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Cotard's Delusion

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by

Addie Pazzynski

on 20 July 2014

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Transcript of Cotard's Delusion

Interesting Facts
Cotard's Delusion
Walking Corpse Syndrome
89% experienced depression
63% experienced delusions of guilt
58% hypochondriac delusions
55% experienced anxiety, guilt, and delusions of immortality
Anti-psychotic therapies
Anti-psychotic drugs
Electroconvulsive therapy (ECT)
*Determined by severity of the condition
Findings of Study:
A. There are three types of Cotard’s delusion.
1. Cotard Type 1
o Purely delusional
2. Cotard Type 2
o Includes anxiety, depression, and auditory hallucinations
3. Psychotic Depression
o Few delusions with melancholia

B. Extreme nihilistic delusions are not always characteristic of Cotard’s delusion as traditionally believed.

C. Susceptibility increases with age.
History
Statistics
Symptoms
Jules Cotard (1840-1889)
French neurologist
Causes
Nihilistic delusions
Somatic delusions of physical ailments
Self-starvation due to nihilistic belief that one’s digestive system is nonexistent
the belief that oneself or one’s environment does not exist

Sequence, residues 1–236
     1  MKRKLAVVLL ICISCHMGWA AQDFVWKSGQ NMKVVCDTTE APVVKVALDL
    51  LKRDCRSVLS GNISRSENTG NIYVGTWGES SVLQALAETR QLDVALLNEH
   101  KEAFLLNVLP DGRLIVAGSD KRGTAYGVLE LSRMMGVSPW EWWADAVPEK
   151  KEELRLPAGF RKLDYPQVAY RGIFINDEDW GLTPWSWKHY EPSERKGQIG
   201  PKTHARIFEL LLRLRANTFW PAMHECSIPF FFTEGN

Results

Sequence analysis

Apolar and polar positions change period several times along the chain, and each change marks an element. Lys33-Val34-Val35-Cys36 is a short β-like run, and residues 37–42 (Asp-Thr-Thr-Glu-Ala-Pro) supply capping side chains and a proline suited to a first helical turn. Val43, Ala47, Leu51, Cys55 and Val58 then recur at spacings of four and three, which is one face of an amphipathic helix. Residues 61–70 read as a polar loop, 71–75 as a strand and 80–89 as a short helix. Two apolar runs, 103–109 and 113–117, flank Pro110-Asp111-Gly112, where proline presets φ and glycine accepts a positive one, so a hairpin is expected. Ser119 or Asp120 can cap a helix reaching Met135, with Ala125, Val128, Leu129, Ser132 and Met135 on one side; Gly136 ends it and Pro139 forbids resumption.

*Speculations
Treatments
Relationship with other Disorders
Accompanies other psychological disorders
o schizophrenia, depression
“Délire des negations”
Cotard's Syndrome
First case report of a patient
who "affirm[ed] she ha[s] no brain,
no stomach, no intestines...she
ha[d] no soul...she ha[d] no need for
eating...living...she [could] not die
a natural death."
(Translation from Cotard, 1880)
Cotard had discovered a new type of
depression, originally characterized by melancholia, feelings of damnation, delusions of nonexistent body parts or of immortality.
First referred to as
lypémanie (pschotic depression), then délire des negations before it was called Cotard's syndrome or delusion.
Name
Signs of guilt, despair, and obsession with death
Brain damage
Misfiring in the fusiform face area of the brain (FFA) or amygdala
Hypoperfusion
o upset in one’s mental equilibrium (shock)
In a study of 100 patients diagnosed with Cotard’s delusion:
Cases of elderly women who believe they are pregnant may have connections to Cotard's syndrome.
The syndrome is more likely to affect older people with depression and schizophrenia, but may affect younger individuals with bipolar disorder.
Cotard's syndrome is often associated with dementia.
Thank you for your attention!
Full transcript